I went on a comic book movie binge with four of the best of the recent batch. I got the itch to watch the X-flicks back when Wolverine was coming out but didn’t get a chance to until now. And with the hype about Iron Man 2 building as pictures are released and all that I figured I’d include not only the original but also the other movie Tony Stark makes an appearance in.
Finally got around to seeing the new Star Trek flick, directed by J.J. Abrams and starring a full cast of young stars and unknown lense flairs.
I won’t get into the plot too much in case there are some that still haven’t seen it. But the story is very well written and developed and actually gives the audience a lot to chew on, especially if you’re big on piecing together and mapping out in your mind the vagaries of time travel and such. All I’ll say is that the marketing campaign did a good job of selling the movie as it is.
What I like about the movie the most is that it’s respectful to the original series without feeling a need to overtly pay homage to it. We know these characters or at least are familiar with them and so it’s easy to get invested in them and the story they’re involved in, especially since the exposition is never delivered in an incredibly heavy-handed manner. Instead it gets sprinkled here and there among the action, with the audience expected to keep up, a rare assumption that there are intelligent people watching.
One of my favorite movies, both for its Chicago setting and for John Cusack’s fantastic performance. It’s so incredibly well written and it stands up so strongly from when it was released eight or nine years ago. Cusack’s line deliveries in particular always, always kill me and make me laugh out loud regardless of how many times I watch it.
In the few weeks or so since their release, I’ve failed to see what about the guidelines for online activities by Dow Jones is provoking such a strong reaction from social media types. While I might not agree 100% with with all of them I don’t see anything that goes beyond the primary online activity rule of “Don’t do anything stupid.”
- Don’t use a false name when acting on behalf of Dow Jones: That’s just common sense.
- Base comments on facts and don’t get into partisan political arguments: This makes sense in the same way that employees of any company shouldn’t go around making ridiculous statements about competitors or do anything that’s going to impact the operations of their employers.
- Don’t recruit friends to promote your work: So basically don’t send “Please re-tweet!” emails to your family. That doesn’t mean people can’t do so of their own volition, just that you shouldn’t raise up an army.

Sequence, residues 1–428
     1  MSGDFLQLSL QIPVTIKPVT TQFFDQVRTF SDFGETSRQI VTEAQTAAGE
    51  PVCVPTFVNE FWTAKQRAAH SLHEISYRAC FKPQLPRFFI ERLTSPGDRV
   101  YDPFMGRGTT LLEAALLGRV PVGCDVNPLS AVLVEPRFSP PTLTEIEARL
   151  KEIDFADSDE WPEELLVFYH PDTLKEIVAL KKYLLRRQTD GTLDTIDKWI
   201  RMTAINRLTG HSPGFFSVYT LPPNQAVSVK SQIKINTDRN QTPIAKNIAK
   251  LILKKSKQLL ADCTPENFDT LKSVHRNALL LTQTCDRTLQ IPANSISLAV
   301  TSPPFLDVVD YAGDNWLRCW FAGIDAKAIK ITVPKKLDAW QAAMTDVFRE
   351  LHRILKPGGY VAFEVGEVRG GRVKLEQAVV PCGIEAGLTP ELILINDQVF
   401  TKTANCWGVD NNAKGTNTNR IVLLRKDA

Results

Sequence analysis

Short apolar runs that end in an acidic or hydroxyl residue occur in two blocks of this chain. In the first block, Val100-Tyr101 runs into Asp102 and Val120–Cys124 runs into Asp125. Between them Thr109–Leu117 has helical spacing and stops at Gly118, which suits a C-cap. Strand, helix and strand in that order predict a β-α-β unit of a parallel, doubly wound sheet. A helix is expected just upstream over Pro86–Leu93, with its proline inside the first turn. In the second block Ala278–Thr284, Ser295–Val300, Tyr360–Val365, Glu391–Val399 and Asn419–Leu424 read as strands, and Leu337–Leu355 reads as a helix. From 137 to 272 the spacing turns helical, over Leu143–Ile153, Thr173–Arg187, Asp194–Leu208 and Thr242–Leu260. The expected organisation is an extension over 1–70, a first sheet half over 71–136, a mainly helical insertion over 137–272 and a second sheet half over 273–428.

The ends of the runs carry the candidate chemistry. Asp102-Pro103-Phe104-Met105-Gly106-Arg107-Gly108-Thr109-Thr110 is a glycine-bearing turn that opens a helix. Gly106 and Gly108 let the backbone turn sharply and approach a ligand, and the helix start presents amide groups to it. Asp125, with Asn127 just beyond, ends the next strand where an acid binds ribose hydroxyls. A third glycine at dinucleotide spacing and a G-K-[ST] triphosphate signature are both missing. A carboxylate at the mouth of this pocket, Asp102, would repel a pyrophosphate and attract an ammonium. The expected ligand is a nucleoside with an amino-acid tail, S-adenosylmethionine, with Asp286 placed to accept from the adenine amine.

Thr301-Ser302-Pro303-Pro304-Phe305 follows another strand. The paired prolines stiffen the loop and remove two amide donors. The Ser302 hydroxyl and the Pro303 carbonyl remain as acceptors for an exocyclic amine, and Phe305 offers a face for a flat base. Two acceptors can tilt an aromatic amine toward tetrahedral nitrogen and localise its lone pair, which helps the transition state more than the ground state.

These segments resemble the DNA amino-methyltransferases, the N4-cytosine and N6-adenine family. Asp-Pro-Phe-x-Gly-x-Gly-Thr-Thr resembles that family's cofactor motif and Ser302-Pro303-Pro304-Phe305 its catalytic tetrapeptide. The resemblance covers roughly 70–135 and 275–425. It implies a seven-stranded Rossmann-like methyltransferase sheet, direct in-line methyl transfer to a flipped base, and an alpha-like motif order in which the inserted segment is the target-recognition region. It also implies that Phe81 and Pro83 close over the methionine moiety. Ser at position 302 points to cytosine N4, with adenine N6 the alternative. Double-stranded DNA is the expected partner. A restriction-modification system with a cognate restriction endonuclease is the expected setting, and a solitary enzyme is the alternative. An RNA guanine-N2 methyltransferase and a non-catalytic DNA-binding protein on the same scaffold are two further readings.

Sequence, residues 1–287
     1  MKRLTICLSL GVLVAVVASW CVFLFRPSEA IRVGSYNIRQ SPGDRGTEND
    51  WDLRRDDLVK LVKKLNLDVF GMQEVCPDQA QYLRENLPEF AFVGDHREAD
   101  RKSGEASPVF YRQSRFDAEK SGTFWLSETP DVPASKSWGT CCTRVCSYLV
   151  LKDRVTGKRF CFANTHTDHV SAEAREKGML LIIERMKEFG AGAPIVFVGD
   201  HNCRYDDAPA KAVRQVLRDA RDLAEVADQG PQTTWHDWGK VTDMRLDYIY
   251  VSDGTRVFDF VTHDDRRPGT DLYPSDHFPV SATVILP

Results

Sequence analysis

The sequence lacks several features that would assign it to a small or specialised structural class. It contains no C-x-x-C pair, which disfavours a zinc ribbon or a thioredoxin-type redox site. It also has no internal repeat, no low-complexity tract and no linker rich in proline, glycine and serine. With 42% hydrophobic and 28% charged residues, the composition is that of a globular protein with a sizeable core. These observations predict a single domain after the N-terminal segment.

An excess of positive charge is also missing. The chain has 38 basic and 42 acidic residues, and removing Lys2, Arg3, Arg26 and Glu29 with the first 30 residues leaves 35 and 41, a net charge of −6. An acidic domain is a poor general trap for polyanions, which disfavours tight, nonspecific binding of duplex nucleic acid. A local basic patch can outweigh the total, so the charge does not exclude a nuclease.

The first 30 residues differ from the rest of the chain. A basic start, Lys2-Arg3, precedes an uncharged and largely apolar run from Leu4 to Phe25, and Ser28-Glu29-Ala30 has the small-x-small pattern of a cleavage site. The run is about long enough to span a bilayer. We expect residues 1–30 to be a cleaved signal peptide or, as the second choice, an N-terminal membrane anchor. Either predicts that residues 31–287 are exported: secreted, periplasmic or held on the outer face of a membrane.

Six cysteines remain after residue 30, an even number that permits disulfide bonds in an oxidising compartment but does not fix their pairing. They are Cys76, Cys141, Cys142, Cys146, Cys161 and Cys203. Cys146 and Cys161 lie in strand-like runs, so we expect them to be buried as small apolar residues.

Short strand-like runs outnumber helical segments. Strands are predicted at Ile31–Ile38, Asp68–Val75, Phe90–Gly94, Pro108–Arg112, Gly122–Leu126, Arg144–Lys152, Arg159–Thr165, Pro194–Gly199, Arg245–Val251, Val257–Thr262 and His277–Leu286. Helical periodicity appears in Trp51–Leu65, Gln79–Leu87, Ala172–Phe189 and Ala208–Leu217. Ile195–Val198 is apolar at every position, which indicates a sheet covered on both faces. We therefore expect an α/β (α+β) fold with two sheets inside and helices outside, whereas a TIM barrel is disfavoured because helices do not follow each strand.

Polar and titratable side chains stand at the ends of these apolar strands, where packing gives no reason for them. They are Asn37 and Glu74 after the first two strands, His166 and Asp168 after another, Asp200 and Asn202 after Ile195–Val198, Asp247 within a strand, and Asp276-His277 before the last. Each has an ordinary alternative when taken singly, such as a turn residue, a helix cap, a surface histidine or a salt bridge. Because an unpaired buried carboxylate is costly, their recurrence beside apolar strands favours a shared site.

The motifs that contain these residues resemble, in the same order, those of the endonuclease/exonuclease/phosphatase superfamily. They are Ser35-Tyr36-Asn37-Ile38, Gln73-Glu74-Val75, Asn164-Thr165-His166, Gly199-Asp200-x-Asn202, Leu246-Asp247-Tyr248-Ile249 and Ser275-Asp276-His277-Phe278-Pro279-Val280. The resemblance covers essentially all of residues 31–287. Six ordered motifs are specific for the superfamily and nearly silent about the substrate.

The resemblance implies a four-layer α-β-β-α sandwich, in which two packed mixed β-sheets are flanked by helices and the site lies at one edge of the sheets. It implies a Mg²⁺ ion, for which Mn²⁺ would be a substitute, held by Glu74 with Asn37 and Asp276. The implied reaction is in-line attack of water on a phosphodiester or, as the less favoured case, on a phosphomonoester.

- Be careful when connecting on social networks with contacts and sources: Again, that’s just common sense. If you’re using someone as an anonymous source but you’ve “friended” that person on Facebook, it’s not hard for third parties to draw the line between the two, defeating the point of them being anonymous.
- Don’t detail the creation process of an article: This one I’ll actually take issue with. I think, as long as it’s not breaking any journalistic ethical codes, it can be informative to see just how an investigative piece was put together. This goes hand-in-hand with the idea of using the web to publish the full transcript of an article that was excerpted for the article.
- Don’t disparage the work of competitors: Pretty much common sense.
- Don’t aggressively promote your own work: Again I’ll take issue with this one. Writers should be the biggest promoters of their own work, publishing it to Twitter, contacting bloggers who cover a similar topic and engaging in other such activities to bring a bigger audience to the piece. As long as it’s done in an above-board manner that doesn’t violate any of the other guidelines above, go for it.
- Don’t engage in impolite dialogue with critics: In blog-speak this is known as “don’t feed the trolls.”
- Avoid giving highly-specific advice to site visitors: So don’t specifically recommend a service or anything else. Makes sense.
- Clear potentially controversial posts with editors: Basically this is an extension of clearing anything else with an editor. Not a big deal.
- Business and pleasure should not be mixed on Twitter: I’ll disagree with this one as well. Writers should be building up their personal brand through a combination of promoting their professional work and connecting with people around other shared interests. If I get to know a writer on Twitter and can have a casual conversation with them in addition to a professional one I’m more likely to promote their work myself, something that’s good for everyone.
The few points of disagreement I have with the rules are more because I think they are the ones that hamstring unfairly the promotion of the content online. I don’t think any of them violate any sort of social media best practices or increase the secrecy of the media process. I just think they get in the way of writers being able to promote their works to the audience. Those sort of rules and guidelines don’t make sense to me simply because that’s how content is being found on sites like Twitter and other social networks. That sort of content needs to be part of the stream of updates in order to reach the social networking audience.